PROBLEM CASE 1 :
There was a ship with loss of power and drifting in open seas. The fuel pump, valves, nozzles and springs were badly damaged. The fuel had met all ISO 8217 2010 specifications including the Acid number. The ship operators wanted to find the cause of the damage. They were not customers of Viswa Lab. This problem had passed to two other labs with no conclusion and was then referred to Viswa Lab.
Viswa simultaneously received a fuel sample from a customer doing routine Peace Of Mind Package POMP testing. This customer had bunkered in the same port as the other ship.
POMP tests the fuel for 6 additional tests which are not included in the ISO 8217 2010 tests. One of these tests is a modified pH TMdeveloped by Viswa Lab. This test is useful in determining the corrosive potential of a fuel. This modified pH identified the fuel as being highly acidic with high corrosion potential. The customer was informed of this before any damage took place. Viswa Lab also worked with the customer to provide some solutions for the use of this fuel.
The fuel from the damaged ship was evaluated using an modified pH TM. The fuel was found to be highly acidic. The fuel pump pistons were badly scratched by the corrosive nature of the fuel. All the plungers were scratched. There was also significant damage to the nozzles and valves.
The Acid Number in the ISO 8217 methods can sometimes miss identifying the corrosive potential of a fuel. These fuels can cause significant damage. The modified pH TM method has been developed to identify the corrosive fuels, which can be missed on the routine ISO 8217 tests. The modified pH TM is a part of the POMP package and can help identify and prevent major fuel associated damage.
Viswa Lab’s POMP tests bring additional value to the customer by intelligent and pertinent screening of fuels that meet basic requirements.
PROBLEM CASE 2 :
There was a vessel which had initially experienced complete blockage of the filters threatening the stoppage of main engine and auxiliary engine. After this, the vessel lost power and had to be towed to the port.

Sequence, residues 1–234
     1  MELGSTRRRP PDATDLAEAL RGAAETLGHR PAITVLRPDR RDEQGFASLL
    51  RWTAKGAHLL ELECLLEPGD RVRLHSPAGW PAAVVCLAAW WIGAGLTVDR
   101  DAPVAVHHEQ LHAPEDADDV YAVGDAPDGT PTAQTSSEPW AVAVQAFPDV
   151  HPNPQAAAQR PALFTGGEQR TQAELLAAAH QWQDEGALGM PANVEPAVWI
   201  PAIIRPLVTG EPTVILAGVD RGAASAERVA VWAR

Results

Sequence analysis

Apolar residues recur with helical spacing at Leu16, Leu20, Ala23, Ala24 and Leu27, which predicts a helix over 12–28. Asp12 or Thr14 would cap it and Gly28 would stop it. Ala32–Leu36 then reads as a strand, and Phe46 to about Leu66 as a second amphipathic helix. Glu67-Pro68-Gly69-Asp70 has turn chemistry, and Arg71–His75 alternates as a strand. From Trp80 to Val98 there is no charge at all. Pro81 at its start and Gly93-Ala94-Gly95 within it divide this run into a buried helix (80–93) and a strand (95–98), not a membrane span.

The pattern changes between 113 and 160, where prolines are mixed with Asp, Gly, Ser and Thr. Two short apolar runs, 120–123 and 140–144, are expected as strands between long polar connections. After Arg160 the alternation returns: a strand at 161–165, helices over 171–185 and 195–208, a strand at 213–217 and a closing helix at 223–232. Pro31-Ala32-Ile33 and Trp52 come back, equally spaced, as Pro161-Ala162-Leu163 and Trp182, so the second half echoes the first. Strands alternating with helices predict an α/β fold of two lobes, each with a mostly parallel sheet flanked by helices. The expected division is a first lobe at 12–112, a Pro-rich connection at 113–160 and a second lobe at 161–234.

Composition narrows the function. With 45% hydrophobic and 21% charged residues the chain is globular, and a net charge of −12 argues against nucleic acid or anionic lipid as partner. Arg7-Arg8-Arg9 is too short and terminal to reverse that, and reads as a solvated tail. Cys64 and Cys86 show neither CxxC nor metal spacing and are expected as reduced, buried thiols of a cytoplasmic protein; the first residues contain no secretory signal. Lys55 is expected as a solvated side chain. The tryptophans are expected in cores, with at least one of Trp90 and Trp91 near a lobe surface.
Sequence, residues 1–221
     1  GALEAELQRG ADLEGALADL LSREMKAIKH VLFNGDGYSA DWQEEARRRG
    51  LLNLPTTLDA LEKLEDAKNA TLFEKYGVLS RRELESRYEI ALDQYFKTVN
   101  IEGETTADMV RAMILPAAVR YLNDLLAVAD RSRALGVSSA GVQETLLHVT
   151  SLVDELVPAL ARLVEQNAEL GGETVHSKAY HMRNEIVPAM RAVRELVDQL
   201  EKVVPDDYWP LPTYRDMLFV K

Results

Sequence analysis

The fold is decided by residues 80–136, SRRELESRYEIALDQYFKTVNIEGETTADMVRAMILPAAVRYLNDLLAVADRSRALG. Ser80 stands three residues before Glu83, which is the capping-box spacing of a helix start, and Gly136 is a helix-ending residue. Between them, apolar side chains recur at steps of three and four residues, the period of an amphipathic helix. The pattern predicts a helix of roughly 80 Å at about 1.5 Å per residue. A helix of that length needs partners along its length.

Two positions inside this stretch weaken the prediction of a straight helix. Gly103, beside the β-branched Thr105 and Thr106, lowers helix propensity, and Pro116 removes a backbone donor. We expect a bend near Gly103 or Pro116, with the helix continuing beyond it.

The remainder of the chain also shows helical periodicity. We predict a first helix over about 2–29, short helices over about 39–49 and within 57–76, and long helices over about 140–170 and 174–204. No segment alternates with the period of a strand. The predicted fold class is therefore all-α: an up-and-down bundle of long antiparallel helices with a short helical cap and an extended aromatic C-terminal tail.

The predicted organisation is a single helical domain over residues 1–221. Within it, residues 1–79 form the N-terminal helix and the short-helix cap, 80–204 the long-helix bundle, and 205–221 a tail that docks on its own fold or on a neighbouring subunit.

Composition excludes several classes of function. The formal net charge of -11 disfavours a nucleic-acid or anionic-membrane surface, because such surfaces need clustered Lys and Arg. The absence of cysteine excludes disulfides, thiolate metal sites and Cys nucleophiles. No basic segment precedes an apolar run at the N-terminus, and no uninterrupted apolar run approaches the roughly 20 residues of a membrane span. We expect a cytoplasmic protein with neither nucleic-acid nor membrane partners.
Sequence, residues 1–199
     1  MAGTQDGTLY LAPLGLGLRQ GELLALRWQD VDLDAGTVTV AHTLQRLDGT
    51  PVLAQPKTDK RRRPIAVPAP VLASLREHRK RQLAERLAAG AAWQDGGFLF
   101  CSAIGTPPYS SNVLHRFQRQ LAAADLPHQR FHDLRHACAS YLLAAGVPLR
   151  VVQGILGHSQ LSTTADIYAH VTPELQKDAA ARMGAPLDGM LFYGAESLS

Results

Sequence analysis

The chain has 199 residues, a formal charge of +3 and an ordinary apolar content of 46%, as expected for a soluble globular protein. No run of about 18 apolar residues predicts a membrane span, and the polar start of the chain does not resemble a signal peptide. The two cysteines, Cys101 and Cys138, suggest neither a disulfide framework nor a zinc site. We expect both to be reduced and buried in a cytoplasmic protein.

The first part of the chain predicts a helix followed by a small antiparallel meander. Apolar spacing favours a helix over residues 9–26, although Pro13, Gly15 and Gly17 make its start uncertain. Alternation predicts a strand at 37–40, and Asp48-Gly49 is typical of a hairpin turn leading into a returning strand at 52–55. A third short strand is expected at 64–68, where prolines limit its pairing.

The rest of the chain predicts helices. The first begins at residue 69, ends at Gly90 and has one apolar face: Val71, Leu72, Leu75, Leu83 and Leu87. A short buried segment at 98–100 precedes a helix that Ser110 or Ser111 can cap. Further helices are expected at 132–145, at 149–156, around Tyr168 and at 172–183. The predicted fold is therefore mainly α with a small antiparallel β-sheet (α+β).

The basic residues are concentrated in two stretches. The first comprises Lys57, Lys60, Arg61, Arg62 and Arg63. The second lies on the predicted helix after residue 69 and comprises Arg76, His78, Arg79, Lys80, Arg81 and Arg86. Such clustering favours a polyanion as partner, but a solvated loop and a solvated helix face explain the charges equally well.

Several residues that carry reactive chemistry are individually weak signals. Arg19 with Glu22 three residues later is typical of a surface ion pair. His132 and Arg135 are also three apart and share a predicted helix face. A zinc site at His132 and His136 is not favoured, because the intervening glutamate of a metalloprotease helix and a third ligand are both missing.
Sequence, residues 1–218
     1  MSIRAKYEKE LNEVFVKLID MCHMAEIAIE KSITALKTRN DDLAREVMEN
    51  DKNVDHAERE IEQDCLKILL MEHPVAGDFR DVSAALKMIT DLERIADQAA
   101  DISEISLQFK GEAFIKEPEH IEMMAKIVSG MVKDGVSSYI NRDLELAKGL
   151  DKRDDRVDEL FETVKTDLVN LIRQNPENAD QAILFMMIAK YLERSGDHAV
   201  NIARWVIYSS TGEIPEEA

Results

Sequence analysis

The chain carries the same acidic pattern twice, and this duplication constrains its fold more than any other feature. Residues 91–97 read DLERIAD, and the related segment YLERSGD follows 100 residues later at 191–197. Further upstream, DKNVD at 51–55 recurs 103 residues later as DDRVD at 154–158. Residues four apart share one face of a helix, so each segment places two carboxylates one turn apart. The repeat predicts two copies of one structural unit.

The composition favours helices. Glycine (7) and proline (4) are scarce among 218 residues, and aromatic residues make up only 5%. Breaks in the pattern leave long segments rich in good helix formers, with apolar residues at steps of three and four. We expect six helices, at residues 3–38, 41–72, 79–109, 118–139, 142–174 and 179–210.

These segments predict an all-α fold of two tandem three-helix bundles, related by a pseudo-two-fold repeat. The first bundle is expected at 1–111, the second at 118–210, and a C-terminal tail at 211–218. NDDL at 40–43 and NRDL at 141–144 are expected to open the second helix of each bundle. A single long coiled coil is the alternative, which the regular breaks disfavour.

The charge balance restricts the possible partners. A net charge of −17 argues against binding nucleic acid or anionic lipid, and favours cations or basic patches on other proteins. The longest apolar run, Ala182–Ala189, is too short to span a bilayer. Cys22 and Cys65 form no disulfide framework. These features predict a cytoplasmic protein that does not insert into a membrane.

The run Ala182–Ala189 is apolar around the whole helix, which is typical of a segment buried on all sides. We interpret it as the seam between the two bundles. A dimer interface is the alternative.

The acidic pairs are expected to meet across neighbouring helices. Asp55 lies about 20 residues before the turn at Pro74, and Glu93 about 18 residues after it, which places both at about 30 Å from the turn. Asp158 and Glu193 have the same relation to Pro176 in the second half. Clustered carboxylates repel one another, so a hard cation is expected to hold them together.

Viswa Lab was asked to evaluate the machinery damage and perform the fuel testing. The damage was estimated at $2 million
There was significant wear of the piston rings and cylinder liner of the main and auxiliary engines with arrested flexibility which led to the engines stopping. A complete fuel analysis was performed, purifier efficiency was evaluated, ignition and combustion studies were conducted, Fourier Transform Infra Red spectroscopy FTIR, Gas chromatography mass spectrometry GCMS and Filter Blocking Tendency Number (FBTN) were evaluated. Toluene insoluble was also part of the investigation.
The initial fuel analysis demonstrated high microcarbon residue MCR, high calculated carbon aromaticity index CCAI and high asphaltenes. To evaluate the filter blocking, FTIR, GCMS and the FBTN were evaluated. The FTIR indicated the presence of asphalt type material, different from asphaltene seen in fuels. The GCMS at high temperature was abnormal demonstrating the presence of very high boiling fraction (greater than that of residual fuel). This was consistent with the finding of asphalt in the fuel. FBTN demonstrated filter blocking by a carbonaceous material, consistent with the asphalt. The general theory behind Toluene insoluble is that toluene would dissolve all wax or aromatic compounds present and the left over will be something unrelated to fuel. The Toluene insoluble demonstrated carbonaceous particles which under microscopy were large.
The purifier efficiency was normal. Upon further understanding of this analysis, it was found that the purifier had been by passed because of the filter blocking. This had resulted in a large amount of asphalt entering the engine, getting deposited on piston rings, arresting the flexibility resulting in high wear of piston rings and cylinder liner. This phenomenon was repeated in Auxiliary engines as well. The damage was so severe that the vessel lost power and had to be towed to the port.